You can keep your celebrities, oligarchs, and socialites; we prefer to expand our world beyond luxury baubles and games of status. Welcome to our annual look at those who are rendered powerless by a system that continues to impact all of our lives.
Here’s hoping you’re not on it!
1. The citizens of New Orleans are attempting to remove four prominent Confederate monuments from their city, but their democratic decision (through elected representatives) has been met by a backlash of death threats and intimidation. The city council voted to remove the monuments that celebrate white supremacy, but the Monumental Task Committee, an organization advocating for their preservation, won an injunction in court to stop anyone from taking them down. A federal appeals court is currently deliberating the matter, and its decision will decide the fate of all the monuments. The same thing has happened in Memphis, where city officials are having trouble removing a monument to the first grand wizard of the KKK. The will of the people be damned?
3. Artists in DIY Space: Since the advent of the modern age — and probably before — artists in the West have been forced to live in largely undesirable areas of cities, particularly places where rents are cheap (though let’s not forget that this is all part of a larger process of gentrification). Then a December 2 fire killed 36 people at the Ghost Ship warehouse in Oakland, and a new wave of fears spread among those with unconventional living and working arrangements, particularly people in DIY spaces. Add to this a string of far-right attacks on “left-leaning” artists in the form of police complaints (see reports in Brokelyn and Thump) and crackdowns from city officials across the country, including in Baltimore, and things just got a lot more difficult for artists on the margins.
4. Adjuncts are screwed. They can’t catch a break. And neither can the graduate students who often teach classes too. Even at the supposedly progressive Columbia University, the school is challenging a recent vote by grad students to form a union. Ugh.
5. Anti-Trump artists thought they were having fun with the least qualified US presidential candidate in history, but then he won the electoral college and, well, things are getting scary. Soon after the victory, the Red Dot art fair in Miami pulled its invitation to an artist duo and their anti-Trump project. And let’s not forget the LGBTQ activists who were beaten while leaving Artists Space. There were signs that this could be the case before the election, like the time the artist who drew Trump with a micropenis got punched by a Trump supporter.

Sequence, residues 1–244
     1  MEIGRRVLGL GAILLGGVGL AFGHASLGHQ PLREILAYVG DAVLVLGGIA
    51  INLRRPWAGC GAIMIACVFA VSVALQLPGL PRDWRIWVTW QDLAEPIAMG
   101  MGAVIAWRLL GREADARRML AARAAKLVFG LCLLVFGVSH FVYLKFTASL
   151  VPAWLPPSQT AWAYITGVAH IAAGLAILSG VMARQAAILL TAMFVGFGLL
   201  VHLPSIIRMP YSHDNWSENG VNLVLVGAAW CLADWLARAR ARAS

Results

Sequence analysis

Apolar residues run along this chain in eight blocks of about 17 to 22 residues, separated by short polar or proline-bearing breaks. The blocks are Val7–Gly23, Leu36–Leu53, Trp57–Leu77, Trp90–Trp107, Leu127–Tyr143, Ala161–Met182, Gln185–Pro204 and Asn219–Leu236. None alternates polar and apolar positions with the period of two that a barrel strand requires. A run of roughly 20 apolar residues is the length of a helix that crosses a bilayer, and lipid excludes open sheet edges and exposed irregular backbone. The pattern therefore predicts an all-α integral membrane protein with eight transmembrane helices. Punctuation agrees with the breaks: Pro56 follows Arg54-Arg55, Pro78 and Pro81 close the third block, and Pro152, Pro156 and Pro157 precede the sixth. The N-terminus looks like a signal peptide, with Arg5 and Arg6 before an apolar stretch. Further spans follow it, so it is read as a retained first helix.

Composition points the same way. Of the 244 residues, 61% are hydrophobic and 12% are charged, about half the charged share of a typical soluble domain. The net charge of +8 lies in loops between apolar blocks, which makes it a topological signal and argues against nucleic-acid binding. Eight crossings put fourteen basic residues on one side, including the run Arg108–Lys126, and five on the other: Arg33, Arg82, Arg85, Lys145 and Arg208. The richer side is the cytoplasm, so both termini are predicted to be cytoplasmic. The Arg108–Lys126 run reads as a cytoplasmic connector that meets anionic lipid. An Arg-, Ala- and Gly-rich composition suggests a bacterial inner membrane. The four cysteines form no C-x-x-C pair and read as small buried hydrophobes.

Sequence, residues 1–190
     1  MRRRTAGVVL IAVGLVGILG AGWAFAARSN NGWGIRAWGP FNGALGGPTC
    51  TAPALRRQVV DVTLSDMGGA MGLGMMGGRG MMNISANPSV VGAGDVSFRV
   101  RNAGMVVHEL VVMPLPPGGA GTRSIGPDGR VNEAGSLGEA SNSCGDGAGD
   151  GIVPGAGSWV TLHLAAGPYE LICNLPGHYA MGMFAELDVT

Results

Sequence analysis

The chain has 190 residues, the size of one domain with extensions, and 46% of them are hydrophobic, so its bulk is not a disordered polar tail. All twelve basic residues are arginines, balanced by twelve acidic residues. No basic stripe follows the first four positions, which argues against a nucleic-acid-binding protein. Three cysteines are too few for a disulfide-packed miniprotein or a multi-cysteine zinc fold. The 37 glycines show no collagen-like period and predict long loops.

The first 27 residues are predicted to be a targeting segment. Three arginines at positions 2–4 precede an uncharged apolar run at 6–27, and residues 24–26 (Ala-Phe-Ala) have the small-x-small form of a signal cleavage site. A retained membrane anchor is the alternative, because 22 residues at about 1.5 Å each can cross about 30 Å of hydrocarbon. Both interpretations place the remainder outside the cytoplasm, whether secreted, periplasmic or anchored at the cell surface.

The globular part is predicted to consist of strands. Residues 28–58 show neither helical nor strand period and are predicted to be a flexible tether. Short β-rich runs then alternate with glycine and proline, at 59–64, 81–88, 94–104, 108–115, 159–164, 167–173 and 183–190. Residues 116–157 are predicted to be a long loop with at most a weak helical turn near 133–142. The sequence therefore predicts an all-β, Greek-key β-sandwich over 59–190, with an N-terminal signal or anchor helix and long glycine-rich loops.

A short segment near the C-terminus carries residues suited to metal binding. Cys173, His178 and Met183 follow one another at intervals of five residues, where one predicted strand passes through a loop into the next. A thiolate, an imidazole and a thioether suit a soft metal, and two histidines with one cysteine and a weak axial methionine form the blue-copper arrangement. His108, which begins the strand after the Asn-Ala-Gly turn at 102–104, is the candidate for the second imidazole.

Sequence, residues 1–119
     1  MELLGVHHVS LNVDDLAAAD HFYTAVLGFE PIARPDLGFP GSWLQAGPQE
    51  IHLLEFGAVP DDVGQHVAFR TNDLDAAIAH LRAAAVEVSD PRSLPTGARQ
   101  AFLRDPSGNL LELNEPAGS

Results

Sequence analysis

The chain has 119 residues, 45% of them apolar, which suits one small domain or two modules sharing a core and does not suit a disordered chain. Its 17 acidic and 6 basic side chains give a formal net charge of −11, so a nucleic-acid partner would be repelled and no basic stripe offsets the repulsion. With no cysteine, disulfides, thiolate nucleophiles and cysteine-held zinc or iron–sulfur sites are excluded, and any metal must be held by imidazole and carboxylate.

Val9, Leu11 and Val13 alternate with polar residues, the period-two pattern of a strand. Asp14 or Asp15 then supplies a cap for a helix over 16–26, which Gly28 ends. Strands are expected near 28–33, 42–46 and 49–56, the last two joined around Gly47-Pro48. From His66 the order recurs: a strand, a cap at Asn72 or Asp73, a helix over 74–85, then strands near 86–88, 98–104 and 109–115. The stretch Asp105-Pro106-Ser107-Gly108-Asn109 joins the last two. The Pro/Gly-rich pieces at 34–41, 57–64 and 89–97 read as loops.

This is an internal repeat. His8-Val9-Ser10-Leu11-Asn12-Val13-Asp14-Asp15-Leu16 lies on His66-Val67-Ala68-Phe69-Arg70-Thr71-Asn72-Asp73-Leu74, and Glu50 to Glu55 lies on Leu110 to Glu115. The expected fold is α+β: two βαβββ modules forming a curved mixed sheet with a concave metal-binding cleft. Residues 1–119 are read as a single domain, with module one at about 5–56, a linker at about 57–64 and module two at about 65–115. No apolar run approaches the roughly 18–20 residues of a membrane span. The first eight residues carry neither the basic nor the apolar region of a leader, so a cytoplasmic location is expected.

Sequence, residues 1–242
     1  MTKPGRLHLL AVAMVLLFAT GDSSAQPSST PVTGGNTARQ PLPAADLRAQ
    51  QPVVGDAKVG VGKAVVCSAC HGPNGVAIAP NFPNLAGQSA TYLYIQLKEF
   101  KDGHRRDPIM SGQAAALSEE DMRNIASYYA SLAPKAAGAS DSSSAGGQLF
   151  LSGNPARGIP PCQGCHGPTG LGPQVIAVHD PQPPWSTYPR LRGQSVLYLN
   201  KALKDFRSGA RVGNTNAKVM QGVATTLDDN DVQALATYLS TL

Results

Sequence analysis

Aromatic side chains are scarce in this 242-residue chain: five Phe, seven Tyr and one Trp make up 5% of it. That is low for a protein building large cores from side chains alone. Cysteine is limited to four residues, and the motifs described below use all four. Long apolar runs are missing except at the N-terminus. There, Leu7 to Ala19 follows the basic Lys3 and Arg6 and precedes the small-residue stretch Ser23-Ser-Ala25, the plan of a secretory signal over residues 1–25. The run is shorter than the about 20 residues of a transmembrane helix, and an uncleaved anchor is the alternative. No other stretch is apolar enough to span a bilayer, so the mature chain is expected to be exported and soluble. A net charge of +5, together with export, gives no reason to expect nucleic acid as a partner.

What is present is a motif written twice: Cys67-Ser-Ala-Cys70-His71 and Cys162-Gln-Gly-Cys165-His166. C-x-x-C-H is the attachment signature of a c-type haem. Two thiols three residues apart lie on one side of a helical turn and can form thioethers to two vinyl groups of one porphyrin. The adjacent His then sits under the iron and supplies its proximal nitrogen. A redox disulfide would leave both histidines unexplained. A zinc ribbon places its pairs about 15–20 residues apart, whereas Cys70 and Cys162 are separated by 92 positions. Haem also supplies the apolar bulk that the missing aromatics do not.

6. Fabrice Hergott and Jean de Loisy: Neither the director of the Palais de Tokyo nor of the Museum of Modern Art of the City of Paris, respectively, was consulted about the giant and unsightly Jeff Koons bouquet sculpture that’s about to be planted between the entrances to their museums.
7. Poor people, because:
8. Annie Pootoogook was a Canadian Inuk artist best known for her crayon and ink drawings that explore the dark side of contemporary life, particularly for indigenous communities. Then she was identified as the woman whose body was found in Ottawa’s Rideau River in September. She grew up in a family of artists (her parents, Napachie and Eegyvudlu Pootoogook, and her grandmother Pitseolak Ashoona were all artists), and her work is in the collections of major museums — she was even in Documenta 12. Pootoogook had problems with alcohol, and that may have contributed to her early death (no one has been charged). But one of the most troubling aspects of her case was the reaction, including the words of a newspaper commenter who presented himself as an Ottawa police sergeant and suggested that an investigation would be a waste of time, adding: “Typically many aboriginals have very short lifespans, talent or not.” The prejudice against indigenous people in the Americas runs deep, and it impacts every aspect of society, including the art world.